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The highest-grade Barrovian-type metamorphic rocks of the North American Cordillera exposed today are Late Cretaceous in age and found within an orogen-parallel belt of metamorphic core complexes for which the tectonic histories remain controversial. Thermobarometric studies indicate that many of these Late Cretaceous metamorphic assemblages formed at pressures of >8 kbar, conventionally interpreted as >30 km depth by assuming lithostatic conditions. However, in the northern Basin and Range Province, detailed structural reconstructions and a growing body of contradictory geologic data in and around the metamorphic core complexes indicate these metamorphic rocks are unlikely to have ever been buried any deeper than ~15 km depth (~4 kbar, lithostatic). Recent models controversially interpret this discrepancy as the result of “tectonic overpressure,” whereby the high-grade mineral assemblages were formed under superlithostatic conditions without significant tectonic burial. We performed several detailed studies within the Snake Range metamorphic core complex to test the possibility that cryptic structures responsible for additional burial and exhumation might exist, which would refute such a model. Instead, our data highlight the continued discordance between paleodepth and paleopressure and suggest the latter may have reached nearly twice the lithostatic pressure in the Late Cretaceous.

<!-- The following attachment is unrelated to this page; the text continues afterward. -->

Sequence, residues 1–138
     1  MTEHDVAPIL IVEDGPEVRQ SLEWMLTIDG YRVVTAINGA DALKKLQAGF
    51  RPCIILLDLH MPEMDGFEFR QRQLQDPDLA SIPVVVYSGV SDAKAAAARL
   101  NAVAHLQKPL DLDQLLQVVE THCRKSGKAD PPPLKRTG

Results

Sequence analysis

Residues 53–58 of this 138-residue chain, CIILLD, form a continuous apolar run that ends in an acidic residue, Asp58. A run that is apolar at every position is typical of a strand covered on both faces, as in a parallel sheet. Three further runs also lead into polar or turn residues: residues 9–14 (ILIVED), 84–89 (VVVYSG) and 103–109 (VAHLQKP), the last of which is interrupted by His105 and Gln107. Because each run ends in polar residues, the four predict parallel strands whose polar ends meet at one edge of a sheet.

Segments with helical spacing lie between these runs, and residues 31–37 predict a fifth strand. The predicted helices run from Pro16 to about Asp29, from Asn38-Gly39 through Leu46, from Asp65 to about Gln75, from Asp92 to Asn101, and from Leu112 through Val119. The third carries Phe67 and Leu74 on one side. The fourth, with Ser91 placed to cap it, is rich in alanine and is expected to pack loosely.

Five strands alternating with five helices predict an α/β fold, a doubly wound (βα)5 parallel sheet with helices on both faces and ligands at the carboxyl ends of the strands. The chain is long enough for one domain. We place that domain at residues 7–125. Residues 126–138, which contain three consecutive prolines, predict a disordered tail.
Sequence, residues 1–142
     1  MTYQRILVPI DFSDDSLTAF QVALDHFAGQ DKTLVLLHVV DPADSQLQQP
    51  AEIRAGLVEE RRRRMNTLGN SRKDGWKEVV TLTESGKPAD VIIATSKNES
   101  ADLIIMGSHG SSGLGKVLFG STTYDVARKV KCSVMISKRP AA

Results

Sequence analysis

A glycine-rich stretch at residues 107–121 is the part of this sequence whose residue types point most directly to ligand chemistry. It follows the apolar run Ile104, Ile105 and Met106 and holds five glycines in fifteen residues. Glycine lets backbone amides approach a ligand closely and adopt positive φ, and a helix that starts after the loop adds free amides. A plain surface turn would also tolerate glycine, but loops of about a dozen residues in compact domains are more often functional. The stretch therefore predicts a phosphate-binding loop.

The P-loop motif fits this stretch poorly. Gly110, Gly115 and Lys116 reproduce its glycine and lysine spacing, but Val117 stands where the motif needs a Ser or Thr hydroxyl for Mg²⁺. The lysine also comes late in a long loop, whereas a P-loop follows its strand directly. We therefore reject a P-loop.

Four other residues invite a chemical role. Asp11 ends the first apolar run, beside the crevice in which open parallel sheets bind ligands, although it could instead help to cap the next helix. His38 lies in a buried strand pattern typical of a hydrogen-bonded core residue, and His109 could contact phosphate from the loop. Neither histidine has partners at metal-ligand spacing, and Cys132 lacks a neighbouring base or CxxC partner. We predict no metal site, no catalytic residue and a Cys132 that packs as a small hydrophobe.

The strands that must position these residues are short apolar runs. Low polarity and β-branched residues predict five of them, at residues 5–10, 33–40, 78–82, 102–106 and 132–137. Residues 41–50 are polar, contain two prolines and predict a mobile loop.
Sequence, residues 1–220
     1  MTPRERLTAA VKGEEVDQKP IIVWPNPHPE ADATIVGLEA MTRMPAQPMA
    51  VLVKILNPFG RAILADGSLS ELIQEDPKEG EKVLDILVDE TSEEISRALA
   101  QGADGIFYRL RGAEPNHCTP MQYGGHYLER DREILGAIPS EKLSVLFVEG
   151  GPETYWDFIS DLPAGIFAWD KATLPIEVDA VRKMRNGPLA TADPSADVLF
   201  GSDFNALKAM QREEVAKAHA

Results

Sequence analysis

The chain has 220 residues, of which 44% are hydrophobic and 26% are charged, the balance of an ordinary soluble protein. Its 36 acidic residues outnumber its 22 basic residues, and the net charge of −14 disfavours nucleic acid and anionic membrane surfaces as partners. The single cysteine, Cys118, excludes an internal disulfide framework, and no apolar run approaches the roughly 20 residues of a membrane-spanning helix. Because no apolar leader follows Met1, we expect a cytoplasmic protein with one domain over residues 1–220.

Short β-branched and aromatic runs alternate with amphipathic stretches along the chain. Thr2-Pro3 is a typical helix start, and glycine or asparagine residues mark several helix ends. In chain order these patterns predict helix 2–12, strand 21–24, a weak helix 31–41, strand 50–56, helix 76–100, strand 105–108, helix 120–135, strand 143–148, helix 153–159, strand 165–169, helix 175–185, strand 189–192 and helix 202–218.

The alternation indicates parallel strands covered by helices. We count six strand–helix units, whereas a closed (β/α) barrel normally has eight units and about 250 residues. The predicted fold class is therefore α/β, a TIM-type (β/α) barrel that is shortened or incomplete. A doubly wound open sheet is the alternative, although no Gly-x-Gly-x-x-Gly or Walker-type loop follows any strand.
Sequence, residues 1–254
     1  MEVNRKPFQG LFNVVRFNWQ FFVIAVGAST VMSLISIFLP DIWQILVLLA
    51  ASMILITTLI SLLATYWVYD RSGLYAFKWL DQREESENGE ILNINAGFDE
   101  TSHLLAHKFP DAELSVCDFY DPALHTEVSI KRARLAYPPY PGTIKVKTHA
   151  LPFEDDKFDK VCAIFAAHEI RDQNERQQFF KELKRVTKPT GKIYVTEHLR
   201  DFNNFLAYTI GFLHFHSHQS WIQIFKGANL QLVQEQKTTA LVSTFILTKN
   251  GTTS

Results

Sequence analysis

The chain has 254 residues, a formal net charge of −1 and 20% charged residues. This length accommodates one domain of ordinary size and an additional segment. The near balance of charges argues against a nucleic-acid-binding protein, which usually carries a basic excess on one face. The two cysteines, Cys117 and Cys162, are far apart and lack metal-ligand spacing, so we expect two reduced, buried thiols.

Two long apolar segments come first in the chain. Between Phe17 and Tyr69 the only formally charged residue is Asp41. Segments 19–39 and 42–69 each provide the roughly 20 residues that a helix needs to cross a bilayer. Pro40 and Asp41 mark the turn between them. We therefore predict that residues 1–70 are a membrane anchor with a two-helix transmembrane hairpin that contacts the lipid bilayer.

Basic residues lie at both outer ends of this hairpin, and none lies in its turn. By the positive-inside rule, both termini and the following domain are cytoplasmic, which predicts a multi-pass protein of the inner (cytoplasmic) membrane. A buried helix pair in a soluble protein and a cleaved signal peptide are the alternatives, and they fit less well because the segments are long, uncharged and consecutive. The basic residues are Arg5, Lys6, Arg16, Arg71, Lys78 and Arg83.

First, new detrital zircon U-Pb geochronology combined with finite-strain estimates show that prestrain thicknesses of the lower-plate units that host the high-pressure mineral assemblages correspond closely to the thicknesses of equivalent-age units in adjacent ranges rather than to those of the inferred, structurally overridden (para) autochthon, inconsistent with cross sections and interpretations that assume a lower plate with a deeper origin for these rocks. Second, new Raman spectroscopy of carbonaceous material of upper- and lower-plate units identified an ~200 °C difference in peak metamorphic temperatures across the northern Snake Range detachment but did not identify any intraplate discontinuities, thereby limiting the amount of structural excision to motion on the northern Snake Range detachment itself, and locally, to no more than 7–11 km. Third, mapped geology and field relationships indicate that a pre-Cenozoic fold truncated by the northern Snake Range detachment could have produced ~3–9 km of structural overburden above Precambrian units, on the order of that potentially excised by the northern Snake Range detachment but still far short of expected overburden based on lithostatic assumptions. Fourth, finite-strain measurements indicate a shortening (constrictional) strain regime favorable to superlithostatic conditions. Together, these observations suggest that pressures during peak metamorphism may have locally reached ~150%–200% lithostatic pressure. Such departures from lithostatic conditions are expected to have been most pronounced above regions of high heat flow and partial melting, and/or at the base of regional thrust-bounded allochthons, as is characteristic of the spatial distribution of Cordilleran metamorphic core complexes during the Late Cretaceous Sevier orogeny.

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